Cover Image: Strange Labour

Strange Labour

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Member Reviews

This is an interesting debut. While I didn't thoroughly enjoy Penner's novel, it was certainly thought-provoking. "Strange Labour" follows Miranda as she travels West across the U.S. in the wake of a bizarre and mysterious apocalyptic event. While acknowledging many tropes of the post-apocalyptic sub-genre, the author manages to circumnavigate most of them in a way, approaching or referencing them from a subtly different angle. It's not that Penner has created something entirely new or different with this short novel (though he does get points for a unique apocalypse), but he has chosen a different conversation than that which is typically found in this type of story. His prose is long, meditative, even stream-of-consciousness at times, full of simile, symbolism, and metaphor, whether it be dialogue, thought, or exposition.

There is a slow, steady pulse to it all, which gives a sense of cohesiveness across both character and narrative development, and colors the entire feel of the novel. That feel is slow, reflective, and subdued. The development is slow in part because Penner does a nice job of "showing, not telling," letting the reader put together the world and events preceding the story piece by piece. It is also slow by virtue of the fact that the novel is fairly character driven, and indeed, there is not a whole lot "happening" in the story. Even the minimal "action" in the story itself feels ponderous and a bit removed, as if the reader is meant to reflect on the events, more than experience them. Indeed, though I mentioned that I didn't particularly enjoy the book, I don't think I was necessarily meant to enjoy it. Rather, it feels as though the story is merely a medium to facilitate individual introspection and sociocultural extrospection. In that sense, it is a success. However, it's worth cautioning readers that the novel seems quite bleak, cynical, at times even nihilistic. It is open-ended, without much in the way of "answers" or "statements." Its characters may be hard to invest in or identify with. Again, it is slow, and bleak. This may be frustrating to some, and certainly takes the right mood to appreciate. If that mood is yours, "Strange Labour" is well done and worth a try.
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this was a unique read, the characters were great and I really enjoyed reading htis, I look forward to more from the author.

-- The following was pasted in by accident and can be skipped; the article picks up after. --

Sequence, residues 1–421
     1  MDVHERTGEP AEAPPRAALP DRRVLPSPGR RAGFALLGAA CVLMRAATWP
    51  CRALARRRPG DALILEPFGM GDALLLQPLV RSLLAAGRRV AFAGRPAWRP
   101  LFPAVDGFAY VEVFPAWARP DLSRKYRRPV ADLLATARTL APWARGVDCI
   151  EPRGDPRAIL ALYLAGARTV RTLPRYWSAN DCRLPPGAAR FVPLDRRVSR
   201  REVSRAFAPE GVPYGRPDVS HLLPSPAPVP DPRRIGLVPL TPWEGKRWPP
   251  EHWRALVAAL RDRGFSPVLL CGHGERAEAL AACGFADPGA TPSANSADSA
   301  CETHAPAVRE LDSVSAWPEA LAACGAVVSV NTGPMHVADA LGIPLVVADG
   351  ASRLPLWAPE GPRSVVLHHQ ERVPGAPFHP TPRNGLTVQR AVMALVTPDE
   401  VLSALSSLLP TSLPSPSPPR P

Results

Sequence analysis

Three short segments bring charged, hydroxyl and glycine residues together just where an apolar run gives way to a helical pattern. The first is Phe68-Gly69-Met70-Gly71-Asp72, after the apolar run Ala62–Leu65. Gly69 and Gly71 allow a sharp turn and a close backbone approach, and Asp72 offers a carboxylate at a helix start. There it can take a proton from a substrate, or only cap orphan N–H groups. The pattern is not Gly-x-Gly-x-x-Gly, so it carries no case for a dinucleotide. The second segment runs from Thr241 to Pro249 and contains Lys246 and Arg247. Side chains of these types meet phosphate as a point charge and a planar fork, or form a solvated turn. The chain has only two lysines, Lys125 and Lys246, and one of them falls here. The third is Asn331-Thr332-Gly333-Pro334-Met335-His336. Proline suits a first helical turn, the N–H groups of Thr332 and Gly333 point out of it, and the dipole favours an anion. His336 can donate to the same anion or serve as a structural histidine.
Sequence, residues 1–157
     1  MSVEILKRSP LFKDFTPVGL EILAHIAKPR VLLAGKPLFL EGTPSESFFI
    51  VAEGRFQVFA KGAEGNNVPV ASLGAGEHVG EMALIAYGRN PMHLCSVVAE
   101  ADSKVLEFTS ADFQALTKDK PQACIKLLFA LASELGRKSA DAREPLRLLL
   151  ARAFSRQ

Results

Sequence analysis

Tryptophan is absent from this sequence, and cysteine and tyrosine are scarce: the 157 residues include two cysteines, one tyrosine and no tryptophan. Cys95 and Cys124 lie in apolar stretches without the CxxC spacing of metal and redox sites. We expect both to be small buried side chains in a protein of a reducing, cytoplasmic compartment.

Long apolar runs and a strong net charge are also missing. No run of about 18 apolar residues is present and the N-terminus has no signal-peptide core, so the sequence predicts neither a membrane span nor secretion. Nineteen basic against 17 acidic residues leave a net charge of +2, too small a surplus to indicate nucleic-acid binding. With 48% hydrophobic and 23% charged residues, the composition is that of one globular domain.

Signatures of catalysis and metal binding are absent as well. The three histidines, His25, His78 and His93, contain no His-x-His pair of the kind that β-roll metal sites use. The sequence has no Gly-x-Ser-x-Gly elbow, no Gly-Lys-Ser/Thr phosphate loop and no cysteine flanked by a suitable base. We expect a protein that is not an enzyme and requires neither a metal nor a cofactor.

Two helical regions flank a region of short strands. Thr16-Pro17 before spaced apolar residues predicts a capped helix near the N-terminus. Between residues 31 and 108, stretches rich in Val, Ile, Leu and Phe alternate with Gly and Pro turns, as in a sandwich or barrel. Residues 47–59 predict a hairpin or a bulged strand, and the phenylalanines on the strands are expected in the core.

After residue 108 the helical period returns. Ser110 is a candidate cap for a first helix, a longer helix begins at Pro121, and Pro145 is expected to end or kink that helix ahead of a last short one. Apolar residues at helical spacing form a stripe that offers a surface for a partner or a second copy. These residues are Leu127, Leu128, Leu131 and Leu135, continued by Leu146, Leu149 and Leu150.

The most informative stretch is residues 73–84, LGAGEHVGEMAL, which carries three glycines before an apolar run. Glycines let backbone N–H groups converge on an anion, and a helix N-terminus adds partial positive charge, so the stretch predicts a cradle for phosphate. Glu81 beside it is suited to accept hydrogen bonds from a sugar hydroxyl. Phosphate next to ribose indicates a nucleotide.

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I have questions, so many questions... but still, I am oddly satisfied with this book. Post-apocalyptic novels are numerous, but this one stands out from the crowd. The characters feel like they are kept at arm's length, which is something I usually don't get on with, but it really works with this story because you don't want them to get too close. The plot is relatively simple with few explanations. More from Mr. Penner, please!

My thanks to the author, publisher, and NetGalley. This review was written voluntarily and is entirely my own, unbiased, opinion.
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Not bad. I enjoyed the premise and parts of it. But is often slow paced and a little uneven, and because of this it won't be for everyone, It doesn't have the polish of more experienced authors, but story is OK overall. It has an interesting take on dystopia. 

Thanks very much for the ARC for review!
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Please find my review for, <a href="">Strange Labour</a> here.
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I think I owe an honest review, and I honestly found this one boring.  Nothing at all happens in the first three chapters.  OK, so our heroine lives in a post-apocalytic English countryside, and spends her days dodging hungry dogs while looking for old cans of beans that others left behind.  I don't need a shoot-out at the beginning but I need something to catch my interest.

Also suffers from too many adjectives.
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